We are pleased to hear that the European Medicines Agency (EMEA) has agreed to review the Marketing Authorization Application (MAA) of Merck’s (MRK) vernakalant intravenous (IV). The company is seeking EMEA approval for the drug to address the unmet need for patients suffering from acute atrial fibrillation (AF, abnormal heart rhythms leading to strokes).

Along with the IV version, Merck is also developing the oral form of the drug, which is currently in phase II development.

In April 2009, Merck entered into a collaboration and licensing agreement with Cardiome Pharma Corp. in order to develop and commercialize vernakalant. While Merck retains the exclusive global rights to the oral formulation of vernakalant, its affiliate, MSD Switzerland GmbH gets the rights to the IV formulation outside the US, Canada and Mexico.

Atrial fibrillation is the most common heart rhythm abnormality in the US, accounting for one out of every three hospitalizations for irregular heart beat. The prevalence of this disease is expected to increase manifold in future primarily reflecting the growing population of elderly individuals. It increases the risk of stroke (about 15% of AF patients suffer from strokes), worsens the prognosis of patients with cardiovascular risk factors, and doubles the risk of mortality (death). Total annual costs for the treatment of AF are estimated to be more than U.S. $6.65 billion.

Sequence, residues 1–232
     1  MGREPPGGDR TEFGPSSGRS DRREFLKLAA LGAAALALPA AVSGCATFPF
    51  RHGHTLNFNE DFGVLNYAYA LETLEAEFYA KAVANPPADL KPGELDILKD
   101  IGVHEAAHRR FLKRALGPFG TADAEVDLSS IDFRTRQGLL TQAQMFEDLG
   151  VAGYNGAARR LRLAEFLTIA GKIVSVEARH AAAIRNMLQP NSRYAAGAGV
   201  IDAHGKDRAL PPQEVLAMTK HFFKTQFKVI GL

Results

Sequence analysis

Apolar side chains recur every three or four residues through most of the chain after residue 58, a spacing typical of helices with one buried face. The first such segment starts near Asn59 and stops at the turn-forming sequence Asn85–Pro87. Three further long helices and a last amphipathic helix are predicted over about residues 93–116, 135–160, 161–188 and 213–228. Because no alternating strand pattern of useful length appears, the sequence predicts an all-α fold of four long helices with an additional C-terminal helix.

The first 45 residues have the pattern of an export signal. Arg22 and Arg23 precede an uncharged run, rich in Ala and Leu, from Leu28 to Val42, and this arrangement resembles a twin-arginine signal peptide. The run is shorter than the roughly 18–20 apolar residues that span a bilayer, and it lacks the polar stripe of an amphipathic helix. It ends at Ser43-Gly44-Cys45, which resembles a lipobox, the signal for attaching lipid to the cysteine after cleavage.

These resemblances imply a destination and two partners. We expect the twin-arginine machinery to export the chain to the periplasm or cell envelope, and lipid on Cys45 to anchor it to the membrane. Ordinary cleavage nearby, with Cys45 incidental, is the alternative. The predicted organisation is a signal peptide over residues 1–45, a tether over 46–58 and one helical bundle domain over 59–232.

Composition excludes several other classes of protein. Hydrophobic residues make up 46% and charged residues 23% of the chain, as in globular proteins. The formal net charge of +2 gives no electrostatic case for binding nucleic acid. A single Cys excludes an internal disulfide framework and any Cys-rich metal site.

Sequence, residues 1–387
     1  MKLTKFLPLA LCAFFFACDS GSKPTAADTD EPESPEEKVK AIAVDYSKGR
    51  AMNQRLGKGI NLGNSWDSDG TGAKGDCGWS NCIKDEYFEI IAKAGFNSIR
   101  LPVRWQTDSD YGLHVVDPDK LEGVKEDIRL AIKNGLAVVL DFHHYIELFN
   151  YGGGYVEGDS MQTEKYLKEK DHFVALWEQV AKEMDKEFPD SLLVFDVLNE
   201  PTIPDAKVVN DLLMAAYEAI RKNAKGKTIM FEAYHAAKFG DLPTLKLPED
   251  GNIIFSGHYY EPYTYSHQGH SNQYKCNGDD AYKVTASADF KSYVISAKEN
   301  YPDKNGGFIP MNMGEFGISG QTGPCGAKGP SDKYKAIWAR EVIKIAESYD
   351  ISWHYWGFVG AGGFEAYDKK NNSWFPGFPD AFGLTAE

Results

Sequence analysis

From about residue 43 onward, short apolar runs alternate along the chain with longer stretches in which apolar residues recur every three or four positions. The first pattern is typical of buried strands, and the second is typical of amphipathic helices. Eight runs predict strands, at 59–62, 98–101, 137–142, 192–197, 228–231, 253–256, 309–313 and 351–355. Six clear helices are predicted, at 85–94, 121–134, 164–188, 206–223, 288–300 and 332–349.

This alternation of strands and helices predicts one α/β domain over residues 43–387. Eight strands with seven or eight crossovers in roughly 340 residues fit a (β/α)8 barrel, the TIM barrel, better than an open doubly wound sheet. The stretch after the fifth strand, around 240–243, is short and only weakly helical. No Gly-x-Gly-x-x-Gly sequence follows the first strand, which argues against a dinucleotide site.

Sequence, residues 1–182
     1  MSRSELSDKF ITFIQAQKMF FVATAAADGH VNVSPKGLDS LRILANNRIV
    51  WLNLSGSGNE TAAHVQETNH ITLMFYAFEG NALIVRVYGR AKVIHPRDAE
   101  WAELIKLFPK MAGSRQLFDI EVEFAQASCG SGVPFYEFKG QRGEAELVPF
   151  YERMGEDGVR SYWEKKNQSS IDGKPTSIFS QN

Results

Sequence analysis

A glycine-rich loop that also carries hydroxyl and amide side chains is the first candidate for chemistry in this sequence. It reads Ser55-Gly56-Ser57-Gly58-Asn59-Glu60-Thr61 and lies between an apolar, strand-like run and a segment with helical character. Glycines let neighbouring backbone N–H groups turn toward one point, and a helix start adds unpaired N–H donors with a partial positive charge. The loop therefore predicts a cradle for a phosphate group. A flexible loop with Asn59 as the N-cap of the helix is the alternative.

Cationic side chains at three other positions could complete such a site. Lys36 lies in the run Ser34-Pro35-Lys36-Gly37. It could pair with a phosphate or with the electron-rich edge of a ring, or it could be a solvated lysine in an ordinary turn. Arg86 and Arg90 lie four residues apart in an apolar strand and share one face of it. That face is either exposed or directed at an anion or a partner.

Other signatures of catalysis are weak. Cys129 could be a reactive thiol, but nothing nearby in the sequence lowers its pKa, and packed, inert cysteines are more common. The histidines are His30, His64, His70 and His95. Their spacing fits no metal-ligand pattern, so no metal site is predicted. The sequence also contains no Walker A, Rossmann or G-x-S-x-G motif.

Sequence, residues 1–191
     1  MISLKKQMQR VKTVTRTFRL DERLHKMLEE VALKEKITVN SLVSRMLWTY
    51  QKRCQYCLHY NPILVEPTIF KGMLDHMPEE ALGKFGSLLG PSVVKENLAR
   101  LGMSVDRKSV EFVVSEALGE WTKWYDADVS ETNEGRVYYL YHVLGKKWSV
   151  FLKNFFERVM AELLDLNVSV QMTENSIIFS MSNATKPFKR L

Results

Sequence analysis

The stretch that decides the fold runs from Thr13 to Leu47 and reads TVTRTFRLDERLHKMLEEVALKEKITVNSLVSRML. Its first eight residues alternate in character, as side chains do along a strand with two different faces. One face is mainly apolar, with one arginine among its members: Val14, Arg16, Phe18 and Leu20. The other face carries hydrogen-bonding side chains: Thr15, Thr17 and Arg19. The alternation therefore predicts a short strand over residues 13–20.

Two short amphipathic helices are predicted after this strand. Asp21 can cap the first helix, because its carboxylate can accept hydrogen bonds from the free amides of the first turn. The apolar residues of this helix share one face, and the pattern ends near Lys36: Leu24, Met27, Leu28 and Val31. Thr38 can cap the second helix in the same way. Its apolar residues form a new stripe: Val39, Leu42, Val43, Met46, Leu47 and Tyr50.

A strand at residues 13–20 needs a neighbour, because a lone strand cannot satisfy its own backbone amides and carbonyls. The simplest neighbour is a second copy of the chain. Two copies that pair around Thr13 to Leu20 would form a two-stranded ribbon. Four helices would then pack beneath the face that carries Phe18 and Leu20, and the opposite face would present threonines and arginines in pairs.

In July 2009, the US Food and Drug Administration (FDA) approved Sanofi-Aventis’ (SNY) Multaq, the first new drug for AF to be approved in a decade. Sanofi has yet to get approval in the European Union, which is quite crucial for the company since the European market is comparatively bigger (about 4.5 million patients) than the US (about 2.5 million). The EMEA approval for vernakalant will be a major milestone for Merck as there is significant unmet medical need for acute AF patients, especially for older adults.
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